Politics
No tears from Harper for CBC revenue problems

Canada's Prime Minister Stephen Harper gestures during a news conference, Nov. 16, 2012.

Credits: REUTERS/Mathieu Belanger

DANIEL PROUSSALIDIS | QMI AGENCY

OTTAWA — The CBC shouldn't come crying to him for more money, Prime Minister Stephen Harper says, even if a continuing NHL lockout reduces ad revenue from Saturday night hockey broadcasts.

"CBC has its funding voted annually by Parliament," Harper said Friday from Quebec City. "That is the amount we are giving it for the year."

The last federal budget trimmed taxpayer support for the state broadcaster by about $55 million and ended a special $60-million subsidy for Canadian content production.

That means the state broadcaster will have to make do with about $1 billion from taxpayers, plus almost $370 million in ad revenue.

The loss of NHL hockey for a whole season could knock $130 million off CBC English TV ad revenue, according to the Friends of Canadian Broadcasting — a figure the CBC wouldn't confirm.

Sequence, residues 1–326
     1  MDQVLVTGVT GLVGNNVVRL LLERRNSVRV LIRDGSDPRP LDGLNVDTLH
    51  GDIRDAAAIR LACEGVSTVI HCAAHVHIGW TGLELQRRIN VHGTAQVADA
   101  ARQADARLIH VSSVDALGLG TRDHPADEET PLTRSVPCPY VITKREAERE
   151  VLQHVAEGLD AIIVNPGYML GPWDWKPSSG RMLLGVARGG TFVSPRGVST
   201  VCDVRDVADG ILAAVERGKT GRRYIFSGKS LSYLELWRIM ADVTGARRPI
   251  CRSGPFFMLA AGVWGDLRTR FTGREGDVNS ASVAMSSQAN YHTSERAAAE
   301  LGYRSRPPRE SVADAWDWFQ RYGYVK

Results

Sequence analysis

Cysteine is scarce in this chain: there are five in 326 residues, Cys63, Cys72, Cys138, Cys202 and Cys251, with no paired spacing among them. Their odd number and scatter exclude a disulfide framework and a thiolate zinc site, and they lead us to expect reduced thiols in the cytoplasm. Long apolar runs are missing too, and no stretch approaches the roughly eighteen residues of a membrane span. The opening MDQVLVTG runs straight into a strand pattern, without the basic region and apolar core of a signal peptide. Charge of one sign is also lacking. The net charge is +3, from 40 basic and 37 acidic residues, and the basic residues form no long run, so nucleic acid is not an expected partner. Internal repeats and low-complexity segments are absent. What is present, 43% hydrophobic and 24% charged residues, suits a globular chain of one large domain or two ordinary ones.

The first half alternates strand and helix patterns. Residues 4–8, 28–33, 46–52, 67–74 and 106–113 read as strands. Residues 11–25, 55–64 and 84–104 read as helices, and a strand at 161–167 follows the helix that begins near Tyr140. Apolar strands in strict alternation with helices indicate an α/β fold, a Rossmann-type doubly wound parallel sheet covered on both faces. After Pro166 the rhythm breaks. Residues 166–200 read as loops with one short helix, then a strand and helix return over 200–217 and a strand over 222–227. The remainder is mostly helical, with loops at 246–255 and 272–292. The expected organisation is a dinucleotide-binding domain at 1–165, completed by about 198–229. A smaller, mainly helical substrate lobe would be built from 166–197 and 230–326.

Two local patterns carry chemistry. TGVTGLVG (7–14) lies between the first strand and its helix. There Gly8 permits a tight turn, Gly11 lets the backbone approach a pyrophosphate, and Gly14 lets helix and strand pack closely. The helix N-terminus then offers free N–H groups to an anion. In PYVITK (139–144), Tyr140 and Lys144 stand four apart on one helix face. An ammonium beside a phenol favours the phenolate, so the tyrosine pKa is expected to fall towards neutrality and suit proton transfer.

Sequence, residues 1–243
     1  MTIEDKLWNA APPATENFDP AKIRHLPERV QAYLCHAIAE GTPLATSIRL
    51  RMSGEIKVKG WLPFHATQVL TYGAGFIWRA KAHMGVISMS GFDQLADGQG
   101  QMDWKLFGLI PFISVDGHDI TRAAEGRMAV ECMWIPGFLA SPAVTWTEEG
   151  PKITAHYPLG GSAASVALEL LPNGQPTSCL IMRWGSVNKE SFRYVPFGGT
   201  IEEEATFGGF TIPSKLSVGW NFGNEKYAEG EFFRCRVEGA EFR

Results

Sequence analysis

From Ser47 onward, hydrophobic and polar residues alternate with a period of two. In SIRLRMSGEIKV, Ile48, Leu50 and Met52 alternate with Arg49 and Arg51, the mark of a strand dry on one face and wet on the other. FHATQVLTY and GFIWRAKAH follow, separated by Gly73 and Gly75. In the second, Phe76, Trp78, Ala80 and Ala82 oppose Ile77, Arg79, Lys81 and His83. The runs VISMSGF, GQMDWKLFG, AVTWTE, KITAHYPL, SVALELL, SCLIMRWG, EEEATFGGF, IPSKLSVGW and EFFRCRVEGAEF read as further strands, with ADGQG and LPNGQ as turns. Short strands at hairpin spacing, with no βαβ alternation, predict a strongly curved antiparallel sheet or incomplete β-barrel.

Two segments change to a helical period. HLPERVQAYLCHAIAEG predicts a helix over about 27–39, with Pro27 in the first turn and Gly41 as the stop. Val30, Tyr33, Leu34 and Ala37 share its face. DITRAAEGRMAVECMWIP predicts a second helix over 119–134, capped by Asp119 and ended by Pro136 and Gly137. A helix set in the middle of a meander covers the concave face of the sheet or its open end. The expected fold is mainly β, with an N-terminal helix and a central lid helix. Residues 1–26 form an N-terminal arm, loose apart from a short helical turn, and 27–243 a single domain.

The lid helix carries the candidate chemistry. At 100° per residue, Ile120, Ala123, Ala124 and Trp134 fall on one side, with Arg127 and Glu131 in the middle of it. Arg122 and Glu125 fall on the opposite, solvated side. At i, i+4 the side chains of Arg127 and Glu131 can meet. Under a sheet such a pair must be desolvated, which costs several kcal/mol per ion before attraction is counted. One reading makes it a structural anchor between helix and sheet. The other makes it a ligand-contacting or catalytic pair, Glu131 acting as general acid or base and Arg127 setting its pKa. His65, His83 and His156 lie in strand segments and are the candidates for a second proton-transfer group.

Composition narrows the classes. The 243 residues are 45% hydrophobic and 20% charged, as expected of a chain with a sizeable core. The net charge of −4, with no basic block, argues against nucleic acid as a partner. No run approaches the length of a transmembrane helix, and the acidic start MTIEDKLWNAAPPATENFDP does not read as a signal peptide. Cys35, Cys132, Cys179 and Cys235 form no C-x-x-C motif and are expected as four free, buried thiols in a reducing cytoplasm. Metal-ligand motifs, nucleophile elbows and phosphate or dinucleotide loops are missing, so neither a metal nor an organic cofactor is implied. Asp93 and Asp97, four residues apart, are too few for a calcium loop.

New Democrats are now circulating a petition calling on the Conservatives to reverse CBC budget cuts and provide "adequate and stable funding."

Quebec NDP MP Pierre Nantel says the Tories could find more money in several areas, including breaks for businesses.

"Money for this could come from many other priorities that the government has had in all these topics that we all know — these income credits that have been spared to the largest companies to all these oil subsidies that have been brought up," the NDP heritage critic said.

Oil companies aren't directly subsidized in Canada, but do get tax credits for resource exploration or other research activities.

But not even the NDP seems prepared to call for taxpayers to make up for CBC ad revenue lost because of the hockey lockout.

"I will not improvise any answer on this," Nantel said.

CBC's head of media relations, Chuck Thompson, tells QMI Agency there are contingency plans in place and labour disruption "provisions" in the broadcaster's agreement with the NHL to cushion any lockout revenue hit.
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